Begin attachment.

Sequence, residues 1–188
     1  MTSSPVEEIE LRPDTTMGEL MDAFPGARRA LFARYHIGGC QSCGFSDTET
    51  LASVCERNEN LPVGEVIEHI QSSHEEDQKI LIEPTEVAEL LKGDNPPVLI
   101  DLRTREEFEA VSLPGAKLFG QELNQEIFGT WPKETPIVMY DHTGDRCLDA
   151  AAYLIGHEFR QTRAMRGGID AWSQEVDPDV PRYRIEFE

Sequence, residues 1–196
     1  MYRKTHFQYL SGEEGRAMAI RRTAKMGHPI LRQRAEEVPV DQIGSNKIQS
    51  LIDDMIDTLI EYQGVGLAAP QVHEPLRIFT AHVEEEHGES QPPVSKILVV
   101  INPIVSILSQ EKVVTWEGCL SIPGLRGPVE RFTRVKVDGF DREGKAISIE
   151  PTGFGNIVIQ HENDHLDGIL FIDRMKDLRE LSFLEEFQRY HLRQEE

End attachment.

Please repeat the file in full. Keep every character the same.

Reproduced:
Sequence, residues 1–188
     1  MTSSPVEEIE LRPDTTMGEL MDAFPGARRA LFARYHIGGC QSCGFSDTET
    51  LASVCERNEN LPVGEVIEHI QSSHEEDQKI LIEPTEVAEL LKGDNPPVLI
   101  DLRTREEFEA VSLPGAKLFG QELNQEIFGT WPKETPIVMY DHTGDRCLDA
   151  AAYLIGHEFR QTRAMRGGID AWSQEVDPDV PRYRIEFE

Sequence, residues 1–196
     1  MYRKTHFQYL SGEEGRAMAI RRTAKMGHPI LRQRAEEVPV DQIGSNKIQS
    51  LIDDMIDTLI EYQGVGLAAP QVHEPLRIFT AHVEEEHGES QPPVSKILVV
   101  INPIVSILSQ EKVVTWEGCL SIPGLRGPVE RFTRVKVDGF DREGKAISIE
   151  PTGFGNIVIQ HENDHLDGIL FIDRMKDLRE LSFLEEFQRY HLRQEE